According to Schwalbe’s Tim Ward: “there are no particular restrictions for using Schwalbe tubeless road and gravel tyres on hookless rims as long as they are explicitly designated as tubeless compatible. 

“However, it should be borne in mind that hookless rims tend to have a more restricted pressure range and, without the bead-lock lip of many tubeless clincher rims, the tyre can de-mount at very low pressures or when flat.”

I tested the Pro Ones on a set of Specialized Roval C38 carbon clinchers, which feature a bead hook and have a measured internal width of between 21.3mm and 21.4mm. 

On moderately wide road rims, the tyres measure up a little larger than their nominal size.
Matthew Loveridge / Immediate Media

As you’d expect on a moderately wide rim, the tyres measure larger than their nominal size, coming in at between 28.4mm and 29.0mm wide.

Mounting by hand posed no difficulties, while seating required the assistance of a booster style pump, but no more heroic measures. 

This will naturally vary between wheelsets, for example our editor George Scott was able to seat a 28mm Pro One TLE on a DT Swiss R24 Spline db wheel at the launch of the tyre with a track pump only. 

Riding the Schwalbe Pro One TLE

I’ve put around 1,300km on the Pro Ones over the past few months during what was, by UK standards, an exceptionally dry spell. 

A significant proportion of that distance (I’d estimate perhaps a quarter) was on gravel in and around the Forest of Dean.

The Pro Ones are very much road tyres and a skinny slick is never going to be in its element on looser surfaces, but they’ve acquitted themselves as well as could be hoped and, critically, I’ve suffered no punctures despite running them through coarse gravel numerous times and there are no obvious cuts or slashes threatening early failure.

The first signs of wear are showing, but their claimed lifespan of 4 to 5,000km on the road feels plausible, although obviously there are endless variables. 

At 1,300km, the first signs of wear are appearing, but there’s absolutely no squaring off. The dimple is a wear indicator.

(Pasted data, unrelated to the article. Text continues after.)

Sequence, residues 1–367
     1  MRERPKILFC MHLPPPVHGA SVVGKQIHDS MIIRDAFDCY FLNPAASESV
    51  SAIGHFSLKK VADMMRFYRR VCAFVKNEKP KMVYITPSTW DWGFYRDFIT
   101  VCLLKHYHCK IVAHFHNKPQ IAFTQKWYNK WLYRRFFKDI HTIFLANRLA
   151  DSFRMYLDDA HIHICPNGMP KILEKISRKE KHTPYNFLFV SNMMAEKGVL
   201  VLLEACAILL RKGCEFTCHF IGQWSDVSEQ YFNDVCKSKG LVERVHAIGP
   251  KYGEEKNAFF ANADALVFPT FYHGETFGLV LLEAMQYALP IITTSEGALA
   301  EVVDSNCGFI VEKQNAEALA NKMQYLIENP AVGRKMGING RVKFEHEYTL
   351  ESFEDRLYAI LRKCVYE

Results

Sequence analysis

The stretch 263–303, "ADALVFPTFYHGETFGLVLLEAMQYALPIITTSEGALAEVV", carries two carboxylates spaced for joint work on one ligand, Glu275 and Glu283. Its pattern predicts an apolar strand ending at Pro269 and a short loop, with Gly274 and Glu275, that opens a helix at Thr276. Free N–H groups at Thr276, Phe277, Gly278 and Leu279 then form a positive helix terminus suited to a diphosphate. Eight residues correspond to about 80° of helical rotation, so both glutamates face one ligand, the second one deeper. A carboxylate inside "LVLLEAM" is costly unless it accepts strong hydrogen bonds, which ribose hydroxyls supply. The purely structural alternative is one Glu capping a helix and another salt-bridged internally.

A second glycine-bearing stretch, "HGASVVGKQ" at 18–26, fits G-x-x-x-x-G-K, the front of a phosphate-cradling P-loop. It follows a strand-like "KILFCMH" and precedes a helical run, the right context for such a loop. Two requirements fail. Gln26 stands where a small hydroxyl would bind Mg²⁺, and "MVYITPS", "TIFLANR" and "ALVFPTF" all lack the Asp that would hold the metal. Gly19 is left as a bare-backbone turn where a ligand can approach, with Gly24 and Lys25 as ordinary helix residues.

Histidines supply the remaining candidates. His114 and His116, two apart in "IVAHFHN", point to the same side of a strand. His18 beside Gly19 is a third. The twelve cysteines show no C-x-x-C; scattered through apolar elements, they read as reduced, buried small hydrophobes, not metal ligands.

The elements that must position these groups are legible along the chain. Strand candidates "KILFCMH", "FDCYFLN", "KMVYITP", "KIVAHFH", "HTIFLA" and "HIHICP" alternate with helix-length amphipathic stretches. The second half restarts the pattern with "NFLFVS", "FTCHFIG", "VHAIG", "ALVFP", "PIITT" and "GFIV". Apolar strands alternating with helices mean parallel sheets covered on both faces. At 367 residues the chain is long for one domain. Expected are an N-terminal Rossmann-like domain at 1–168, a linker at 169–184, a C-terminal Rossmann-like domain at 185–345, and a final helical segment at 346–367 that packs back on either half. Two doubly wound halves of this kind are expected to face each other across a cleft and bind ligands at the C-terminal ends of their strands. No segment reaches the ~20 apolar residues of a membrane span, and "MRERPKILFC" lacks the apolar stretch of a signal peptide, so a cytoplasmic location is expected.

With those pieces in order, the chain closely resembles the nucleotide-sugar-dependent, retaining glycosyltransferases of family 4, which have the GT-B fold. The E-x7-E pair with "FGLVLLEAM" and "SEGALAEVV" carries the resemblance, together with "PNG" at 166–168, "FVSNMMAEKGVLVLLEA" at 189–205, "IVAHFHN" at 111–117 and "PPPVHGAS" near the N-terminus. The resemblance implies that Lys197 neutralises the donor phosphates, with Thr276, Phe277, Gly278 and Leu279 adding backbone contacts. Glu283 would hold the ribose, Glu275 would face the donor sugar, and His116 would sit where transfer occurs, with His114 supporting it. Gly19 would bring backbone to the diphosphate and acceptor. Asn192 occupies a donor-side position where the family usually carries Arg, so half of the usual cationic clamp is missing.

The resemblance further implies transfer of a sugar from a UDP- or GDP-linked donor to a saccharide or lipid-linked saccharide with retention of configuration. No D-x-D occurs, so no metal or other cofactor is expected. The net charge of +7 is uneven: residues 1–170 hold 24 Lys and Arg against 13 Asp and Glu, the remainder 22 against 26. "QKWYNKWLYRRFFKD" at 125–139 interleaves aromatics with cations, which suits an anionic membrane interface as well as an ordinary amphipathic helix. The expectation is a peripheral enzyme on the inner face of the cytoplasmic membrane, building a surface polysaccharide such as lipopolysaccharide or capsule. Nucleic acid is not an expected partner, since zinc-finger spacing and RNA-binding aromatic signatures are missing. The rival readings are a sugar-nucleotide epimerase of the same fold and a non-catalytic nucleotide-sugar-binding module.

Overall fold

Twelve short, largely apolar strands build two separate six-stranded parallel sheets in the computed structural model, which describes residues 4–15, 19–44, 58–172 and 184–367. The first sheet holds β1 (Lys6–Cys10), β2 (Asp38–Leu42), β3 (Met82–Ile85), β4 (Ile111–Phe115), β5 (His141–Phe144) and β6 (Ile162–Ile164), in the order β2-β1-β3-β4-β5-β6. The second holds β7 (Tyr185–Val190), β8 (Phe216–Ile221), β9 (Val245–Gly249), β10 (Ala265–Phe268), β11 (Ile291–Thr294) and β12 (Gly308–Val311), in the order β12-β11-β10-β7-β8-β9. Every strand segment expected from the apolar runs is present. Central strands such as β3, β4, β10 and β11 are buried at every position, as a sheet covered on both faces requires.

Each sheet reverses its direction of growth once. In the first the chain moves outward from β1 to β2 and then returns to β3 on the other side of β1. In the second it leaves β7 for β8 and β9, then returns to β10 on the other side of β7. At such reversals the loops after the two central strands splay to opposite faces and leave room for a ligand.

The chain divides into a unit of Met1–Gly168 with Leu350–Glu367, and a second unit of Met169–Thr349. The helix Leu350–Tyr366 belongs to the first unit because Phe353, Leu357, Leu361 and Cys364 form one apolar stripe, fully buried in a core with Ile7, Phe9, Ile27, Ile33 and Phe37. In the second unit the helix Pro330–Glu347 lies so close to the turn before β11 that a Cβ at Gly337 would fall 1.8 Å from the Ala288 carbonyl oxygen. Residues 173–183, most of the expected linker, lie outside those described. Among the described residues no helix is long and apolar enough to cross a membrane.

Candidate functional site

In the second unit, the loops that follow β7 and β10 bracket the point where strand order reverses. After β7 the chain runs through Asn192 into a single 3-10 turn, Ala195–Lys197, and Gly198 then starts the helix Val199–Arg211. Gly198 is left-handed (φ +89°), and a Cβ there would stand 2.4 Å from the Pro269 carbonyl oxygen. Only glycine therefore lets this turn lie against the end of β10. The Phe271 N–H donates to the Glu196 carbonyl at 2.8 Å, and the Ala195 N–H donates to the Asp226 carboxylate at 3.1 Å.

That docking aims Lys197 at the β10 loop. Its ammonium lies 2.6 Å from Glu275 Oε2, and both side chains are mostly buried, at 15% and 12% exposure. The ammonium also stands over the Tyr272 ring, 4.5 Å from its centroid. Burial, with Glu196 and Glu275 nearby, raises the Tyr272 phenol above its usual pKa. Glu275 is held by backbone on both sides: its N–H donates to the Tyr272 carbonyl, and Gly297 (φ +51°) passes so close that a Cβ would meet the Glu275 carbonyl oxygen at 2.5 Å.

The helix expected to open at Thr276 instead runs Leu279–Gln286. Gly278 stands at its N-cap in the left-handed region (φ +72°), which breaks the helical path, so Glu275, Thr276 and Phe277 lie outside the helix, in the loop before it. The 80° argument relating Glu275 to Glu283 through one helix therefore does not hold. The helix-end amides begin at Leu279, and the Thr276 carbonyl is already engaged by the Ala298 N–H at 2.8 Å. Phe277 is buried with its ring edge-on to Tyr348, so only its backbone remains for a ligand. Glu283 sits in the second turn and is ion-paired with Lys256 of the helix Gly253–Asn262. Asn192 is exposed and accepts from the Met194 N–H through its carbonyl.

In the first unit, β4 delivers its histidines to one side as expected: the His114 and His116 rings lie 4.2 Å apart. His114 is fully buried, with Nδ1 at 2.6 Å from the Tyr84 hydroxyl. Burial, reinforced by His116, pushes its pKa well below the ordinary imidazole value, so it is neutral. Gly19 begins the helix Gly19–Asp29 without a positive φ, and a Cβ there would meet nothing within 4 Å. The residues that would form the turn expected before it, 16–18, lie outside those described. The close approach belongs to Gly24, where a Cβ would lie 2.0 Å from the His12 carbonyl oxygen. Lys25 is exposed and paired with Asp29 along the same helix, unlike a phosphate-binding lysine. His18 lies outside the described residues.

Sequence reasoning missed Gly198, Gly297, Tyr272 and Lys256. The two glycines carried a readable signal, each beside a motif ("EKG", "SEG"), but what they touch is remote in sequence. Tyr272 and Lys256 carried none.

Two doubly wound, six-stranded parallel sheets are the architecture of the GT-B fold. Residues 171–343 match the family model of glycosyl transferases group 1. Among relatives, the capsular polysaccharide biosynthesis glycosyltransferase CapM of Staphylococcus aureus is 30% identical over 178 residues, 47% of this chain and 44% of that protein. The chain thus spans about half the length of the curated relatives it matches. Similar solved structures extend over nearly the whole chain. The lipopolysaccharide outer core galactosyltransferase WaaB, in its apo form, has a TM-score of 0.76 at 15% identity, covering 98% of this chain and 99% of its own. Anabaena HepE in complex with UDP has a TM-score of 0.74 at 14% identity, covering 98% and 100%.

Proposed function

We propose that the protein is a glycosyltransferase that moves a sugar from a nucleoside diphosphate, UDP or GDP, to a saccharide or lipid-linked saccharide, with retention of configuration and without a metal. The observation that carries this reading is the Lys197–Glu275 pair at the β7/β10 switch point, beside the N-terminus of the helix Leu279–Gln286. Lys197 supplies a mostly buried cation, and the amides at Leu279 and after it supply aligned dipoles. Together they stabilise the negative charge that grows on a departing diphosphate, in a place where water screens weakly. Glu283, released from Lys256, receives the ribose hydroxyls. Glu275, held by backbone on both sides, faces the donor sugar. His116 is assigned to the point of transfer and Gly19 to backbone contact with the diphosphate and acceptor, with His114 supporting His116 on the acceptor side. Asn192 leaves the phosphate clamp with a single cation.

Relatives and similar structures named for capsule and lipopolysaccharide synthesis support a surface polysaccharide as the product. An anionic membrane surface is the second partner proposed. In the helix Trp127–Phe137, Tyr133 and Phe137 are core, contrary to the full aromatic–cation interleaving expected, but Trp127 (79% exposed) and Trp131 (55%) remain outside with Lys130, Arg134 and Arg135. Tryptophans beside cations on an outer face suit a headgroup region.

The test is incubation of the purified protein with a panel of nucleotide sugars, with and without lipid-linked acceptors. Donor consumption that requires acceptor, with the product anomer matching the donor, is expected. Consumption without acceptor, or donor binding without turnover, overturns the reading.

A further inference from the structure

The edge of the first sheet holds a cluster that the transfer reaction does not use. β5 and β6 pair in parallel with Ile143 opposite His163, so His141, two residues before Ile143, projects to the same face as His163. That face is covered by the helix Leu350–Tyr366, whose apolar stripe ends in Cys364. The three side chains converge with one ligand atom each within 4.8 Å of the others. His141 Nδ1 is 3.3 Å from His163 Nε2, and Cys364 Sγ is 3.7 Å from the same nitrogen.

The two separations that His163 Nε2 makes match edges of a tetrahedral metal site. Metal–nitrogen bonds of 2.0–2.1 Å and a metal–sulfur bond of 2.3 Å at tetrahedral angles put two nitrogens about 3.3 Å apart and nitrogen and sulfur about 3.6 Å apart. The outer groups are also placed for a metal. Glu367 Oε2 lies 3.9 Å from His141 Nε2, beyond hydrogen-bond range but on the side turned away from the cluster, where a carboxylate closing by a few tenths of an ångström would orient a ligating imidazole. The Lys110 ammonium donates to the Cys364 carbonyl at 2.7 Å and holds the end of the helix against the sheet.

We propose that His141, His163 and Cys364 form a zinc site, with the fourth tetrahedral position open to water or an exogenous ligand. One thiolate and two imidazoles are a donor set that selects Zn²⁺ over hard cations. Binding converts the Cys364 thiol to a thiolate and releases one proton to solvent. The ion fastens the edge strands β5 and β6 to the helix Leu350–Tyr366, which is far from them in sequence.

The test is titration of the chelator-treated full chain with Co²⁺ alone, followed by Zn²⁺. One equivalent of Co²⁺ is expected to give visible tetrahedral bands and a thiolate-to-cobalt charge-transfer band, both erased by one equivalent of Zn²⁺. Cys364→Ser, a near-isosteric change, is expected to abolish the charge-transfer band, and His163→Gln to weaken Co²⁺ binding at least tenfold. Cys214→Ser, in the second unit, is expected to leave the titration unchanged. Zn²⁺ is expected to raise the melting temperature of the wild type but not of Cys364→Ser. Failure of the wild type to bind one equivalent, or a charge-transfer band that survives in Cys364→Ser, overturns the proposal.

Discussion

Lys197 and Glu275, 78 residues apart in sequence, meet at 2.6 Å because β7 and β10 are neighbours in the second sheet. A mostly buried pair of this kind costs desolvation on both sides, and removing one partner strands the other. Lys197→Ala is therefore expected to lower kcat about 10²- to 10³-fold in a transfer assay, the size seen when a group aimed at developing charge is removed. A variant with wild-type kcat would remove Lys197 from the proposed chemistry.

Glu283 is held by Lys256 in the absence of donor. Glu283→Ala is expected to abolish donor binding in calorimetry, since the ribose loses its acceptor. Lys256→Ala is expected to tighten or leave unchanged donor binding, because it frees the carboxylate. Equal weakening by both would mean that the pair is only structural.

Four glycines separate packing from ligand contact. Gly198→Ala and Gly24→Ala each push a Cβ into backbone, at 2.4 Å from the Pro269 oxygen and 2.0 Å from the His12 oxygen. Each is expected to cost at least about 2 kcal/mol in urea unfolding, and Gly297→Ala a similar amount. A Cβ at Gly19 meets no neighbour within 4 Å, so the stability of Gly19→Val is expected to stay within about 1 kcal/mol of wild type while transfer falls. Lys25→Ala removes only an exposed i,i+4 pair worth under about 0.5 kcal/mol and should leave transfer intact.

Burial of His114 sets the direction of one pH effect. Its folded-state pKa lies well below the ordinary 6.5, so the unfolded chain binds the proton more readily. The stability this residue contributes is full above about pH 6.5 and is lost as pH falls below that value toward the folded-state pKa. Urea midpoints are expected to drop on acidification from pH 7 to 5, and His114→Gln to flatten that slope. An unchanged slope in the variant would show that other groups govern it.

Matthew Loveridge / Immediate Media

I’m very light and therefore tend to run my tyres at quite low pressure. I’ve been impressed at how tolerant the Pro Ones are of being run properly soft. 

I’ve had the front as low as 40psi without ill-effect (note that this is lower than Schwalbe recommends) but, after some experimenting, I’ve settled around 50psi for the front and 58psi for the rear.

Even at the very lowest pressures, the Pro Ones feel accurate and controlled, they don’t flop around on their sidewalls like some purportedly racy road tyres. 

On tarmac, the Pro Ones are like any other modern road clincher. Without comparing rolling resistance data this is highly subjective, but the Pro Ones feel fast, even at those very low pressures.

Saying that, I’ve been testing the tyres on my Specialized Roubaix long-termer and they replaced a set of 32mm Continental Grand Prix 5000 TLs. Switching to the Pro Ones, there was an obvious drop in comfort, but I couldn’t honestly say the bike felt any faster. 

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In summary, the new Pro One TLE builds on the well-earned reputation of the original tyre. If you’re looking for a fast all-round performance tyre with some puncture protection, you aren’t likely to be disappointed.

Product Specifications


Price br_price, 5, 3, Price, EUR €69.90GBP £68.49USD $81.00
Weight br_weight, 5, 6, Weight, 264g (28mm) – Average of two 28mm tyres tested, Array, g
Year br_year, 5, 9, Year, 2020
Brand br_brand, 5, 10, Brand, Schwalbe


Features br_Features, 11, 0, Features, Addix Race compound, V-Guard puncture protection, Tubeless Easy design
Bead br_bead, 11, 0, Bead, Folding
Puncture protection br_punctureProtection, 11, 0, Puncture protection, 14mm wide V-Guard belt
Sizes br_tyreSizes, 11, 0, Sizes, 700c×25, 28 and 30mm, 650b×25 and 28mm, 26×1.1in, 20×1.1in